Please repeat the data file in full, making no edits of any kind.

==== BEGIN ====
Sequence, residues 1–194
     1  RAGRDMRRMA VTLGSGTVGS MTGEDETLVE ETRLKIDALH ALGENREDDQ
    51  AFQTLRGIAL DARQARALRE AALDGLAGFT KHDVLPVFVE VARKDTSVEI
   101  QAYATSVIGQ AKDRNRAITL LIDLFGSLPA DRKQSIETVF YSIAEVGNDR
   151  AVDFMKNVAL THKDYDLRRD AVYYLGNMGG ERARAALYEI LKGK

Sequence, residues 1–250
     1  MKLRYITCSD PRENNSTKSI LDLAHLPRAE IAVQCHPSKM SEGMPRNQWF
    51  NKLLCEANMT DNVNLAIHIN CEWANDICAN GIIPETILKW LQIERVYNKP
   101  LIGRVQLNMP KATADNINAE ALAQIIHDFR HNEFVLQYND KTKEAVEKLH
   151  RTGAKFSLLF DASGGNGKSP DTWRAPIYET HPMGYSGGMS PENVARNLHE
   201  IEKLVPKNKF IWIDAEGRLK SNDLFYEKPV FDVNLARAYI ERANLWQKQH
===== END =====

Sequence, residues 1–194
     1  RAGRDMRRMA VTLGSGTVGS MTGEDETLVE ETRLKIDALH ALGENREDDQ
    51  AFQTLRGIAL DARQARALRE AALDGLAGFT KHDVLPVFVE VARKDTSVEI
   101  QAYATSVIGQ AKDRNRAITL LIDLFGSLPA DRKQSIETVF YSIAEVGNDR
   151  AVDFMKNVAL THKDYDLRRD AVYYLGNMGG ERARAALYEI LKGK

Sequence, residues 1–250
     1  MKLRYITCSD PRENNSTKSI LDLAHLPRAE IAVQCHPSKM SEGMPRNQWF
    51  NKLLCEANMT DNVNLAIHIN CEWANDICAN GIIPETILKW LQIERVYNKP
   101  LIGRVQLNMP KATADNINAE ALAQIIHDFR HNEFVLQYND KTKEAVEKLH
   151  RTGAKFSLLF DASGGNGKSP DTWRAPIYET HPMGYSGGMS PENVARNLHE
   201  IEKLVPKNKF IWIDAEGRLK SNDLFYEKPV FDVNLARAYI ERANLWQKQH